According to Chavalit, the farmers know that production of marijuana, like opium, is illegal, but they look past the legalities.
Farmers See No Wrong
“They don’t go out and steal. They don’t hurt anybody physically. They need money, and they don’t see that they’re doing anything really wrong,” he said.
Meanwhile, the trafficker can amass a fortune and pose problems for government, the police general continued. He implied that criminal money would mix with politics in the northeast if the marijuana problem cannot be brought under control.
Meanwhile, the pot explosion overwhelmed Thai drug enforcers just as they were beginning to make progress on opium production here.
Thailand retains the highest profile of the three Golden Triangle states not because of its production, but because its good transportation and communications made it a funnel to markets in the West.
30 Tons of Opium a Year
According to Western estimates, Thailand is producing about 30 tons of raw opium annually, compared to 120 tons in Communist-ruled Laos and more than 800 tons in reclusive Burma. But most of the product from the neighboring two states finds its way into Thai export channels.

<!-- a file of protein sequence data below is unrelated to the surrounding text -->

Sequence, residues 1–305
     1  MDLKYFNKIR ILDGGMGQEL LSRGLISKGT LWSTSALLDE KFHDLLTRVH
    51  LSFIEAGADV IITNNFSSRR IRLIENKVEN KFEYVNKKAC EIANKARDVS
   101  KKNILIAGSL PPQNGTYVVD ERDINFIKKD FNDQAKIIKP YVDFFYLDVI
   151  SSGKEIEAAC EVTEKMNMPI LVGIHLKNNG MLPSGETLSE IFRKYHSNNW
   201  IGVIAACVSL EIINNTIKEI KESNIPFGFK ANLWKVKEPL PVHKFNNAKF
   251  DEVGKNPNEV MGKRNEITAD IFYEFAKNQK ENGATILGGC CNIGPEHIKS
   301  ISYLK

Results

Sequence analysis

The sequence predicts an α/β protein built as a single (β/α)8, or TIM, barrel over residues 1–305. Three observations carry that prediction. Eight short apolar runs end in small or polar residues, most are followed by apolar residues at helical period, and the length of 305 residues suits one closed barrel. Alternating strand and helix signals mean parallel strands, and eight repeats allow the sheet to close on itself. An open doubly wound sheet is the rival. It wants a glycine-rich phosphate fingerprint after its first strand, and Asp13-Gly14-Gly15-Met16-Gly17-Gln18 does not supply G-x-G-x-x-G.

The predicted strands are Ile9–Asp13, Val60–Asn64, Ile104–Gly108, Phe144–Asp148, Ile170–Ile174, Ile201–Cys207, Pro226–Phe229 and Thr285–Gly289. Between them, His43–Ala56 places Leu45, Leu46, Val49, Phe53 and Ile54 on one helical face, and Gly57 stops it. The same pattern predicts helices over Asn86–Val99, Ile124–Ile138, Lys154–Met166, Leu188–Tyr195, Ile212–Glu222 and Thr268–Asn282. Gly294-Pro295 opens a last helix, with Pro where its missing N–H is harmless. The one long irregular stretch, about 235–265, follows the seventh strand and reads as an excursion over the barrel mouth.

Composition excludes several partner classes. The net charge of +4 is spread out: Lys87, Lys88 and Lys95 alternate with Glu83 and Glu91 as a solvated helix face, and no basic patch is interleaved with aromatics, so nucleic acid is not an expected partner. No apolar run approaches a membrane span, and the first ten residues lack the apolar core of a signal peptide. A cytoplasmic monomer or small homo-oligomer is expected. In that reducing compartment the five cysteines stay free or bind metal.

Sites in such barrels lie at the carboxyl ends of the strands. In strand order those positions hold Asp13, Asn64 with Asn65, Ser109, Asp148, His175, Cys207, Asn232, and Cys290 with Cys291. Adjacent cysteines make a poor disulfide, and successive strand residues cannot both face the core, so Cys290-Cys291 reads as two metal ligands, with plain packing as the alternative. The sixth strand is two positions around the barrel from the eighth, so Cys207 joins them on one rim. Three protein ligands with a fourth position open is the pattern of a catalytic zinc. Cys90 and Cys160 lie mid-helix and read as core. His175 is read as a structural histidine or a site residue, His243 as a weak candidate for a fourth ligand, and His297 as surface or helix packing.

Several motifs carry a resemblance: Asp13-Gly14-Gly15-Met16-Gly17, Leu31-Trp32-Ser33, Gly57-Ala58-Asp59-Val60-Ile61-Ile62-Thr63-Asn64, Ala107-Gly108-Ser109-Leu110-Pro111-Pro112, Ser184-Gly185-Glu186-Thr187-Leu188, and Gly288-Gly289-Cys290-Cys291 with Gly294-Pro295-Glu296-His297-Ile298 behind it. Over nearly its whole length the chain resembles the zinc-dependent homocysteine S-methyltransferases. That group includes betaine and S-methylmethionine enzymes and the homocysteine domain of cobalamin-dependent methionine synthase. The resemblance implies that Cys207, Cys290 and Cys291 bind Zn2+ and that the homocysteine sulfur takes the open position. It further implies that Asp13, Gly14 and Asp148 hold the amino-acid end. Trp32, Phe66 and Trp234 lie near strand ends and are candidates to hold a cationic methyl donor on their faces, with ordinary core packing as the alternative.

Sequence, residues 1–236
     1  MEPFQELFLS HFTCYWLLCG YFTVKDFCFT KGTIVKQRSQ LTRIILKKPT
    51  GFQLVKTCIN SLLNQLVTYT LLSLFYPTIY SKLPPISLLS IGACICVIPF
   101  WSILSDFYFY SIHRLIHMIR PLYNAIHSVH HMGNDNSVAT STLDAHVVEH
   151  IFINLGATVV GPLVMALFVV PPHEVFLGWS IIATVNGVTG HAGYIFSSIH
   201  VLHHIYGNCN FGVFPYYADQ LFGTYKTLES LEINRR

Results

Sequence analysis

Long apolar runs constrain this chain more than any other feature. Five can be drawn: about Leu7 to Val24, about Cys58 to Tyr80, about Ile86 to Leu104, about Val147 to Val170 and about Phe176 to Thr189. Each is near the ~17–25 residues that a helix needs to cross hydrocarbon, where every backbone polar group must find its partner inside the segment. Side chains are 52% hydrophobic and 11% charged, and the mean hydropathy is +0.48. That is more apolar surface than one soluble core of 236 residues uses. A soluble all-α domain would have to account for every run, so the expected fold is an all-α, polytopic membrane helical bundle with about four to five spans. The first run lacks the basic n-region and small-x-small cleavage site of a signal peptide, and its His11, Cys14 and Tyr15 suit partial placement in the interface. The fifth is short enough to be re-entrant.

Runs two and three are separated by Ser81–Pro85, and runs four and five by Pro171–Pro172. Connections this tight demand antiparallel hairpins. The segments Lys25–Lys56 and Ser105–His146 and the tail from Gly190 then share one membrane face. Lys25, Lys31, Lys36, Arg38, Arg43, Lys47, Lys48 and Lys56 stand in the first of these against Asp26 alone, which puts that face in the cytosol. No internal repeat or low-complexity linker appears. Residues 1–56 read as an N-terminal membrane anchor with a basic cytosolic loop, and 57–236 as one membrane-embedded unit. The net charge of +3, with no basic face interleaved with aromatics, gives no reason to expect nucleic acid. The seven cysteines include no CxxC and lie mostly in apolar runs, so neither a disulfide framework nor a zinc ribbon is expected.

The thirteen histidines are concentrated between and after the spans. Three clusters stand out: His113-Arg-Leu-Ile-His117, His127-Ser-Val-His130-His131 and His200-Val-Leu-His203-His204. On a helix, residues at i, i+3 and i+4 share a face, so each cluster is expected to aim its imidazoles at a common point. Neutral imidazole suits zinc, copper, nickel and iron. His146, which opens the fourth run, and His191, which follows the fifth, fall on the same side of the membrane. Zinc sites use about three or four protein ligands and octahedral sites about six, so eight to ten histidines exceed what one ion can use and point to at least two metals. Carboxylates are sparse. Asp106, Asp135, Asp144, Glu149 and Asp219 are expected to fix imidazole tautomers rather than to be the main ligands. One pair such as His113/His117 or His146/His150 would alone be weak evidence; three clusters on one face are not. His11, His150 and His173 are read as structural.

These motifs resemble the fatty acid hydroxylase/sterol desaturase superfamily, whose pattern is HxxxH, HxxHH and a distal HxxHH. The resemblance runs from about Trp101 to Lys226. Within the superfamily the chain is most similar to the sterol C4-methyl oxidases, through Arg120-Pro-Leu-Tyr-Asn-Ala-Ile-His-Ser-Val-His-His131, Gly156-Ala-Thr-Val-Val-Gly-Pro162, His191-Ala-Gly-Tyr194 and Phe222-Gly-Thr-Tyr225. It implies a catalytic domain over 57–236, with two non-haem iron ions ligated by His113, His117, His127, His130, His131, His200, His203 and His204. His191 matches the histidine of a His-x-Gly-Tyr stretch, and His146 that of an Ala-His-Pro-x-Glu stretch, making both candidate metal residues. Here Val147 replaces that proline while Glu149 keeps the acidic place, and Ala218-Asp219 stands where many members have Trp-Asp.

(Both Thai and Western narcotics agents said they have evidence that some Laotian opium also is entering the international market through ports in neighboring Vietnam.)
Thailand’s opium production, in fact, is not sufficient to service its own addicts, and the country is a net opium importer. Opium usage in Bangkok mainly involves heroin No. 4, the injectable powder favored in the United States and in most Southeast Asian countries as well.
An exception is Hong Kong, where the favorite is heroin No. 3, a powder that is placed on aluminum foil and burned. The user sniffs the vapors, a practice called “chasing the dragon.”
The methods used in checking the growth of heroin here--enforcement, eradication of fields and substitute crops for farmers--are now being applied against marijuana production.
Domestic Use Up Sharply
The majority of narcotics arrests in Thailand involve marijuana abuse, but the mushrooming production so far has not sharply increased domestic use. The authorities, therefore, have concentrated on the international traffic. The United States, through the State Department, has provided money to buy trucks, radios and some small weapons, according to the Thai Border Patrol officer.
A U.S. Drug Enforcement Administration official described relations with his Thai counterparts as “very good, very solid.”